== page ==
Cranberry Tea (1850) ★★★★
What I love about this recipe is that it is so indicative of place and time. Cranberries are indigenous to North America, and were originally used by Aboriginals as food, medicine, and dye. When settlers from Europe arrived, they too began to utilize cranberries. There are very early references to using cranberries in recipes for sauces, jellies, and tarts.
The inclusion of this recipe in an American cookbook indicates that settlers were recognizing and utilizing native foods in their cooking. Additionally, According to Catharine Parr Strickland Traill, "necessity, no doubt, has taught the old settlers, both in the States and Canada, to adopt certain leaves, roots and berries, as a substitute for the genuine article; and habit has reconciled them to the flavour."
Today we commonly associate cranberries with the holiday season, a tradition which began long ago. It is possible that cranberries were eaten by early English settlers in Massachussets and were used in Thanksgiving feasts. In 1853, Canadian author Traill, wrote of using cranberries as a festive decoration.
The Verdict:Actually, this turned out better than I thought! Firstly, the cranberries were like impossible to mash. Those things are tough! I think some sort of pestle-like object would work better than my wirey potato masher. Secondly, I was really worried that just pouring hot water over the somewhat mashed berries wouldn't extract very much flavour. But it did! And my water wasn't even as hot as it could be, so I'm really pleased with that. I let it steep for a while (while I finished up the Doctor Who 50th anniversary special! Whee!), maybe 20 minutes? As you can see, the end result was a gorgeous color. I sweetened my tea with honey and added a little nutmeg, but to be honest I liked it better without the nutmeg. Little Y saw it and asked to try some "Jell-O juice" (hahaha) so I let her have a sip and she really liked it! Cranberry isn't my favourite, because its so sour, but I might make this again. Plus if you can employ child labour to mash the berries, its definitely worth the time ;)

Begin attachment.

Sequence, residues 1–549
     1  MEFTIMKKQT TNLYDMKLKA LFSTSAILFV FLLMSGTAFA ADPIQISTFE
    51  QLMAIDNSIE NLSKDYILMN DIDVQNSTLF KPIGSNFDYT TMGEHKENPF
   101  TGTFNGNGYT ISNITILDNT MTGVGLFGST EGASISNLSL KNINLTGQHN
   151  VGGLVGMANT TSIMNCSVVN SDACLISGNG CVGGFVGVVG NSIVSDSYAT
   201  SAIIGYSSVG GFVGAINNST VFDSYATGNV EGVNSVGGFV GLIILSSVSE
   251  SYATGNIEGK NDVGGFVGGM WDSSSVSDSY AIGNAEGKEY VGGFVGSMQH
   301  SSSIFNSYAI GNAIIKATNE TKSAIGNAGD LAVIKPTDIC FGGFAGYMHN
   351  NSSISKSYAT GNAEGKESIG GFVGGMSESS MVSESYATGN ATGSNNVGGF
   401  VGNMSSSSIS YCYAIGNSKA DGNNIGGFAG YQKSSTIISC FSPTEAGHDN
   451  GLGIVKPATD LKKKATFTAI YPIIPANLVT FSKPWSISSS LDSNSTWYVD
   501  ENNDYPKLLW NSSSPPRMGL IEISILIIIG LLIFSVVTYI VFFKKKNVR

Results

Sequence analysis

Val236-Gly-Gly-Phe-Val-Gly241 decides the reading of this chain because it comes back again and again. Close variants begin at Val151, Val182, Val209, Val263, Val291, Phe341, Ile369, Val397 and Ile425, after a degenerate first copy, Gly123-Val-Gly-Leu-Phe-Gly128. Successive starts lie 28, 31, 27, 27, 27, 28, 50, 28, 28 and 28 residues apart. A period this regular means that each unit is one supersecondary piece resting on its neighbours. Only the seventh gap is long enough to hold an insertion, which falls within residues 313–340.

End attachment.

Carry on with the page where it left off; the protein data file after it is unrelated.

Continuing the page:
Modernized Recipe:(Adapted from Miss Beecher's Domestic Receipt Book)
The original recipe is easy to follow. Steep the mashed berries in the hot water until it turns a vibrant red-pink color. I think I used maybe 1/2 cup berries to 1 1/2 cups water, roughly.
"Cranberry." Wikipedia. Wikimedia Foundation, 21 Nov. 2013. Accessed 24 Nov. 2013. <http://en.wikipedia.org/wiki/Cranberry>.
Traill, Catharine Parr Strickland. The Female Emigrant’s Guide, And Hints on Canadian Housekeeping. Toronto, Canada West: Maclear and Company, 1855.